Global Agar Resin Market 2019 – Industry Analysis, Size, Share, Strategies and Forecast to 2025

This market report involves an in-depth understanding of Agar Resin market and highly delivers market insights based on market intelligence studies. Adhering to industry norms, the report comprises chapter-wise factual information spread across 120+ pages. Also, prepared by a panel of seasoned analysts, it offers the client with insightful data that establishes the base to take immediate steps ahead. Nonetheless, Agar Resin market offers growth opportunities in the near future exhibited in best information format through this report. Request a sample report of Agar Resin Market at https://dataintelo.com/request-sample/?reportId=16455 Agar resin is a vegetarian alternative to gelatin. Agar Resin is a gelatinous polysaccharide, which is derived from red algae and seaweed used to gel numerous food products. Global Agar Resin market size will increase to xx Million US$ by 2025, from xx Million US$ in 2018, at a CAGR of xx% during the forecast period. In this study, 2018 has been considered as the base year and 2019 to 2025 as the forecast period to estimate the market size for Agar Resin. This report researches the worldwide Agar Resin market size (value, capacity, production and c...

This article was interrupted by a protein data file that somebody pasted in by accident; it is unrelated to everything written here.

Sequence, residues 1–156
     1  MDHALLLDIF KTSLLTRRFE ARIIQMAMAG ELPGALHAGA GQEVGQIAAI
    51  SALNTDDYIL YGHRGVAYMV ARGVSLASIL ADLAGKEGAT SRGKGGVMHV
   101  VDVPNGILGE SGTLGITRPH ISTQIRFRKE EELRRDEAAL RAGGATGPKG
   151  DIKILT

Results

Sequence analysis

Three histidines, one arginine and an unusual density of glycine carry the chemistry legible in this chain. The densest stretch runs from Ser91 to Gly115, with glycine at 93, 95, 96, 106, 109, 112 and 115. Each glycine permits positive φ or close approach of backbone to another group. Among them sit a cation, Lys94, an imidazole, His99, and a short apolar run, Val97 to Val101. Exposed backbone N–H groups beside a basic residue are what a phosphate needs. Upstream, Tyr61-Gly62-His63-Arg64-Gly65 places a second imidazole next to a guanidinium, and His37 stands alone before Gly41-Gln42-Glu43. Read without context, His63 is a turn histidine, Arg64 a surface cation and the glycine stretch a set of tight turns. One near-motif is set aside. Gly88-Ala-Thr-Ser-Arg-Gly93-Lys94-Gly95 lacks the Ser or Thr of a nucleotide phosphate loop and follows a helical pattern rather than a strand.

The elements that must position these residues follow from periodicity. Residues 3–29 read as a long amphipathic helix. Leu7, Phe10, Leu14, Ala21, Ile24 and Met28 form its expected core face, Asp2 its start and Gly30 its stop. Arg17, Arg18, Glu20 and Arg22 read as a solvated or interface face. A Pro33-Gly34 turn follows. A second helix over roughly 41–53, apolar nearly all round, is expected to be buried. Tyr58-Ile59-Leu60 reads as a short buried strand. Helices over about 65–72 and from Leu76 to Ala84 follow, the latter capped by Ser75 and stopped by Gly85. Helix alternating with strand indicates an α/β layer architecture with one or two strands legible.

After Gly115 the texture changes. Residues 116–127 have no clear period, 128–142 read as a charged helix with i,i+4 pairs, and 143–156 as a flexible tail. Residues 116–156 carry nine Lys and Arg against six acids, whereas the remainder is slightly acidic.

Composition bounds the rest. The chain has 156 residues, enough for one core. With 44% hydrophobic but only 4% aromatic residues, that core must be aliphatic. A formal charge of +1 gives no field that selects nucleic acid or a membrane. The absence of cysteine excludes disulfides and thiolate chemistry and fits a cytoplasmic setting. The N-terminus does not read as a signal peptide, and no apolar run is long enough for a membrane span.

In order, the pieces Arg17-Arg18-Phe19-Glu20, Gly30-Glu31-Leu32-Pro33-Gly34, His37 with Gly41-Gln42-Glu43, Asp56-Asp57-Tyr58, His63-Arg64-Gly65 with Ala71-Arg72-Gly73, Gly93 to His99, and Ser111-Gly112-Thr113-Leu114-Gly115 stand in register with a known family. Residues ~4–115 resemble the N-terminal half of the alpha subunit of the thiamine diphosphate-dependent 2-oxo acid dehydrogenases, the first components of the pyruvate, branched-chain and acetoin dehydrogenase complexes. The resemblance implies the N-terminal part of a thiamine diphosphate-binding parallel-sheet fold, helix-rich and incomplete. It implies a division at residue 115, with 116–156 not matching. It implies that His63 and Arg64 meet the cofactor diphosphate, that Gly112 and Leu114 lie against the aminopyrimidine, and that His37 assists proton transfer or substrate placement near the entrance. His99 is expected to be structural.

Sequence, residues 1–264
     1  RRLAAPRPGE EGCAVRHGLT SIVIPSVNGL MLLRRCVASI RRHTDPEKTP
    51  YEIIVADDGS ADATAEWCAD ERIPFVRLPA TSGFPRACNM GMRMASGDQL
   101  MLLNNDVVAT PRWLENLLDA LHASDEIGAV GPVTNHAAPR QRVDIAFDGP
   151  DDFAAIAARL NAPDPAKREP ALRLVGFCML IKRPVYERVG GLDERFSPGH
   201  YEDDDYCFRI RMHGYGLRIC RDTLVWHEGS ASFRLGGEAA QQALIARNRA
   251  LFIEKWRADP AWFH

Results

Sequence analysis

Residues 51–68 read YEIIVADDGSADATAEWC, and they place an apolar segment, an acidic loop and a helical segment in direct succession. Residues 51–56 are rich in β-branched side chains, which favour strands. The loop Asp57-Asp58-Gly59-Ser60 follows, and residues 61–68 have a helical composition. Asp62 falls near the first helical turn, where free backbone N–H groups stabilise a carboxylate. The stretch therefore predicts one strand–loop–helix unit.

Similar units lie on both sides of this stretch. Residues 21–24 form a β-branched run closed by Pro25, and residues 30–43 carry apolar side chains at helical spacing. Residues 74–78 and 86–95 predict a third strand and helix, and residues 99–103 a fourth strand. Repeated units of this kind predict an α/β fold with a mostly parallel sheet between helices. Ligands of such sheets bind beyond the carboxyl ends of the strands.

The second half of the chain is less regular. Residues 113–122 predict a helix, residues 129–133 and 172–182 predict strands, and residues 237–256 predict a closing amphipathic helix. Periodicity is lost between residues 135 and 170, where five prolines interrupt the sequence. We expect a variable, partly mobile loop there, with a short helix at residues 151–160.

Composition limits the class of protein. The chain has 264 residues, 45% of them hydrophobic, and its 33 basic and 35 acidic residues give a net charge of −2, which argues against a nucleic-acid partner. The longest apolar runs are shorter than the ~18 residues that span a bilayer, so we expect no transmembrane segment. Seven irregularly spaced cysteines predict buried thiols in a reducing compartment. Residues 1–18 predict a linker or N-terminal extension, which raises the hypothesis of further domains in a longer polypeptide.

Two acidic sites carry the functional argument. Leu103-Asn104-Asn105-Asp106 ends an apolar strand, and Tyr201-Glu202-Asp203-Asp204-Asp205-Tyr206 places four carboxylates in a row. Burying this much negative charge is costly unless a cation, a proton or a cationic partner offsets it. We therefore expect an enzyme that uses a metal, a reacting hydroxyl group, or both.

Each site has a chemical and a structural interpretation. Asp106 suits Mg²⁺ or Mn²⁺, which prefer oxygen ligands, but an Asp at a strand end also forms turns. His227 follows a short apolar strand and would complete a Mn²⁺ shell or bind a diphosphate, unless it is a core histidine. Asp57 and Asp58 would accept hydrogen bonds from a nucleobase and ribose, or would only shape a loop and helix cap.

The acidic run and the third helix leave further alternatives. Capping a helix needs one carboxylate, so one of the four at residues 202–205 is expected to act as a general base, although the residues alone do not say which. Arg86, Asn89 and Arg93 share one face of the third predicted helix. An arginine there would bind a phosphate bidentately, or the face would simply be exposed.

You many know agar-agar as a delicious jelly-like dessert. But what do you know about agar’s

You many know agar-agar as a delicious jelly-like dessert. But what do you know about agar’s history and applications in the lab? AsianScientist (Jan. 26, 2016) – Walk into any microbiology lab, and you will likely be greeted by towering stacks of agar plates, each one home to a menagerie of microorganisms. Agar, a jelly-like substance derived from seaweed species of the genus Gelidium, is perhaps microbiology’s most important laboratory reagent, long used as a solid substrate to culture and isolate bacteria. Now follow your nose into a home kitchen in Asia, and chances are that you will find agar there as well. Apparently invented by happy accident in 17th century Japan when a forgetful innkeeper left seaweed extract out in the cold, it has been used for centuries as a thickener, and to make all manner of deliciously wobbly desserts. In December, Nature News reported that agar supplies have been affected by a global shortage of Gelidium seaweed. Because it grows on rocky seabeds and requires turbulent water for a steady supply of nutrients and oxygen, Gelidium cannot be farmed. Instead, it’s harvested by divers, or collected when washed ashore by the tide. But dwindling seawee...